It’s interesting that given the screenwriting pedigree that this film barely has any character development at all.  We learn the reasons why the villains do what they do, and the supporting characters are given enough motivation to make the plot progression passable, but considering Pepper Potts (Gwyneth Paltrow), now CEO of Stark Industries and Tony’s live-in partner, has a pretty significant central role in the story, we learn absolutely nothing more about her than we already knew.  Tony gets a minor arc in trying to overcome the trauma of the climactic events of The Avengers, and he’s given to anxiety attacks (which are done well), but other than that he hasn’t significantly changed at the end of the film from where he was at the beginning.  This will probably feel like a letdown for those who saw the unique circumstances of a series of big-budget epics to introduce a more television-style element of character development, but given that I don’t particularly care about Tony Stark or Pepper Potts beyond their most basic attributes, I wasn’t bothered.  The stamp of Shane Black comes in the multitude of one-liners and jokes that are, for the most party, pretty funny – as well as some Joss Whedon-esque gags (one late in the game involving one of his many suits) – and in that of the plot itself, which nicely gets to strip Tony of his various gadgets and even his suit for a not-too-long stretch in the middle as well as the twists and the commentary on the absurdity of comic book heroes and villains.  I’m sure there must be some fans of the comics out there that are absolutely raging about what he’s done with Iron Man’s arch-nemisis The Mandarin, but I appreciated it and though Ben Kingsley put in one of his better performances.  I also liked how the final action sequence wasn’t just dunderheadedly boring, with some actual humans running around and some mano-a-mano-a-womano fighting going on.  There are elements of the film that ramped up, but they’re not dwelled upon, and thankfully this picture largely scales back instead of expands out, as though each sequel needs to be all bigger, all the time.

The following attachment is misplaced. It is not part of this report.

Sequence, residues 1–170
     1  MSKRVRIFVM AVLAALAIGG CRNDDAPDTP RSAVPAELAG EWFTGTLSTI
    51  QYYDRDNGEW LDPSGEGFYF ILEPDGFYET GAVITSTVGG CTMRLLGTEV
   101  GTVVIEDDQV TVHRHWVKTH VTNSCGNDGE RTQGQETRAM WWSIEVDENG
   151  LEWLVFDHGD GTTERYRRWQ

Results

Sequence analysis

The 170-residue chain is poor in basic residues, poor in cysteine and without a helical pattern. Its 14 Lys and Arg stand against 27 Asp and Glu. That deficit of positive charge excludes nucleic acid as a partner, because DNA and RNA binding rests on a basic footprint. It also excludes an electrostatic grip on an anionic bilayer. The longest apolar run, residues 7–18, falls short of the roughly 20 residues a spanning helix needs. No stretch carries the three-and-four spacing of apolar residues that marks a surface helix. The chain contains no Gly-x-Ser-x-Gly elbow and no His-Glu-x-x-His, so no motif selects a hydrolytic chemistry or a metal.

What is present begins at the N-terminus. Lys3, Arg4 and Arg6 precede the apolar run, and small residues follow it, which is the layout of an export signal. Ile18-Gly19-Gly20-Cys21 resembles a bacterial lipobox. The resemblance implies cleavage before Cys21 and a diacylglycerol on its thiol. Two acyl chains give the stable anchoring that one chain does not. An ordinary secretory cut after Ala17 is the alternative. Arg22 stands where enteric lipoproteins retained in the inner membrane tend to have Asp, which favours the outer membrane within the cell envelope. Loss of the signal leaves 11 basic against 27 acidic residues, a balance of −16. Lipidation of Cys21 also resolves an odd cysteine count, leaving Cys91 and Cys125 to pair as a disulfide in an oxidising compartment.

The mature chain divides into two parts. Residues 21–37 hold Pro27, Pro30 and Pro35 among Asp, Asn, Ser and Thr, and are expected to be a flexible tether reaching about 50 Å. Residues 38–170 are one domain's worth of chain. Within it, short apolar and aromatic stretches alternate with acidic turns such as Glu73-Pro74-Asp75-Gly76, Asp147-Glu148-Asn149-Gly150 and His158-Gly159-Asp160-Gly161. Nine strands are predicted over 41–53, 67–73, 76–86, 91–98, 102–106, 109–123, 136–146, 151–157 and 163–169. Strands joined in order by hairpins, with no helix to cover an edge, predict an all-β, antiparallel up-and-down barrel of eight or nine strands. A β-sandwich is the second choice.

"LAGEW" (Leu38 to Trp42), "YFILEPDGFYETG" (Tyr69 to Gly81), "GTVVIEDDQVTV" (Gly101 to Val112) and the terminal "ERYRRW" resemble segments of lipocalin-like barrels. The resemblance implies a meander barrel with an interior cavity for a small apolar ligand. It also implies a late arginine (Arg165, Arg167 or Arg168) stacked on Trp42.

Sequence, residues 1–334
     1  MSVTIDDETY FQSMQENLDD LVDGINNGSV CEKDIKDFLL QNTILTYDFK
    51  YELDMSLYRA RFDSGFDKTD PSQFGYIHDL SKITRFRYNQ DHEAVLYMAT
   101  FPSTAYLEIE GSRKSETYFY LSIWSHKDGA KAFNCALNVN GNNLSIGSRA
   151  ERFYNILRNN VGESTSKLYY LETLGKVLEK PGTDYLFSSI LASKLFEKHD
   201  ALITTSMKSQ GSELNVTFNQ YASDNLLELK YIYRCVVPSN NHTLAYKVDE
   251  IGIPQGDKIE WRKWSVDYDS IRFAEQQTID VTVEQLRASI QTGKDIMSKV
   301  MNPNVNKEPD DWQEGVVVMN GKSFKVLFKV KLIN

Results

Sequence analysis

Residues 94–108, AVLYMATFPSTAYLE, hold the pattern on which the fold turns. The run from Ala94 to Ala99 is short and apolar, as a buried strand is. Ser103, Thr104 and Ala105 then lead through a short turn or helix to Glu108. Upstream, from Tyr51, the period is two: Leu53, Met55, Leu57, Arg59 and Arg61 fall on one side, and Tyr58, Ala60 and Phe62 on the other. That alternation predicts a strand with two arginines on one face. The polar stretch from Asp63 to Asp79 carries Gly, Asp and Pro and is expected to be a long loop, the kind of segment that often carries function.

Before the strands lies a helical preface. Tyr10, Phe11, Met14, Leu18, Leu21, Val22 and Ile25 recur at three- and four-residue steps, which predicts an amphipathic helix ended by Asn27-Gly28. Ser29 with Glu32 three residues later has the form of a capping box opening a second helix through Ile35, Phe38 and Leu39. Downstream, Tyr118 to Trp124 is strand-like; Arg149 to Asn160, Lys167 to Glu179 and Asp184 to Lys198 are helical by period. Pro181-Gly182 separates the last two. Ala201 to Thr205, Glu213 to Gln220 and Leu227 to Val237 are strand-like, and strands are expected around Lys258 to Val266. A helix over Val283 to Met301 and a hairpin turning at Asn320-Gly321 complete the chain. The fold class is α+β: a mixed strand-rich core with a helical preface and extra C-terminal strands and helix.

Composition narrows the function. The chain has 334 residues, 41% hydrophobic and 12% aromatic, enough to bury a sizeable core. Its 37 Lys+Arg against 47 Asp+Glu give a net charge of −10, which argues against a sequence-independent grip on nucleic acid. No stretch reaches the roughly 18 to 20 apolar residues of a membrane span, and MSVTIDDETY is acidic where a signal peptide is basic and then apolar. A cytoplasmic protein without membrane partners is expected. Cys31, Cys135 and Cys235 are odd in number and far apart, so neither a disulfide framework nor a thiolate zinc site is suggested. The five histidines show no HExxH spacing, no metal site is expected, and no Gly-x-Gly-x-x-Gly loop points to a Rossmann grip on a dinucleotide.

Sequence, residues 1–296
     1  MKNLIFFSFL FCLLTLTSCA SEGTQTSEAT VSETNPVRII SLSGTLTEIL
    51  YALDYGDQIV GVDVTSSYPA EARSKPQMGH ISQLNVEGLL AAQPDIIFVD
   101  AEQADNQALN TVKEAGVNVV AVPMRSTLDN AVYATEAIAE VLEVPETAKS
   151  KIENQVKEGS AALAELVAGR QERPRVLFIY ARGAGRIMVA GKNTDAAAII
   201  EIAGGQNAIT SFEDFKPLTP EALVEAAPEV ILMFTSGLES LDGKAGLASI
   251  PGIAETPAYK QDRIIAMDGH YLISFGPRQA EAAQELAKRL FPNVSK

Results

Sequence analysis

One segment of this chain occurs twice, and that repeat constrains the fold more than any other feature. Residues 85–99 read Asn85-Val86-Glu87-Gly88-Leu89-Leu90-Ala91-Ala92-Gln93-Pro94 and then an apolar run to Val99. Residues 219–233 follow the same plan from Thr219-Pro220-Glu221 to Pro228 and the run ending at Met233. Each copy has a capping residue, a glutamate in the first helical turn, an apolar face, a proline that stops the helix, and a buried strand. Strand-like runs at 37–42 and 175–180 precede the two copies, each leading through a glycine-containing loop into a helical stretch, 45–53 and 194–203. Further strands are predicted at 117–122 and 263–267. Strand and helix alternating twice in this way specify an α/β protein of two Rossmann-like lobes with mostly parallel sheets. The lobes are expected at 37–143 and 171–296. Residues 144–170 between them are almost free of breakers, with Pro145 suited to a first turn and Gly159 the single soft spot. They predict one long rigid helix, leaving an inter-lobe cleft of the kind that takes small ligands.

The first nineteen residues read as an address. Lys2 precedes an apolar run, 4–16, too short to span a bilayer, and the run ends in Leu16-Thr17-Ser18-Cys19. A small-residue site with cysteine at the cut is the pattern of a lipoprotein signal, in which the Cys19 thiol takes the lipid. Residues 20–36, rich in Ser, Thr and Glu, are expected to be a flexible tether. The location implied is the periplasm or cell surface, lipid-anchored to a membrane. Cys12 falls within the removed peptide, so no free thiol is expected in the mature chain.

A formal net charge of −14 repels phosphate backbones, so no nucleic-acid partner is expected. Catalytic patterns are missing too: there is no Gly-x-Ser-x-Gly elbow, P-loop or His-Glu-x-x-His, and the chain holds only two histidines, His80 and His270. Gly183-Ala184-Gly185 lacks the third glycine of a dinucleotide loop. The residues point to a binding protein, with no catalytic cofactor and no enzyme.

I couldn’t help but chuckle at the inclusion of a gaudy Miami mansion, or a scene in a trashy rural bar, or the inclusion of a strung-out moron actor and a series of bikini-clad bimbos, or even a night-time climax at a shipyard, all straight out of the 80s action playbook.  In that sense it ties itself to that tradition of the dumb action movies of the past.  Though the effects are much better and the misogyny and even a little bit of the cynicism have been sanded down, these blockbusters aren’t terribly different from the ones of thirty years ago.  And that’s fine by me, because I don’t need a Marvel film to burrow deep into the psychological reality of its characters.  I just need it to be light and breezy and fun and occasionally thrilling, which Iron Man 3 more or less accomplishes.  These things should never take themselves too seriously, and this one doesn’t.  If you have any doubts, check the end credits.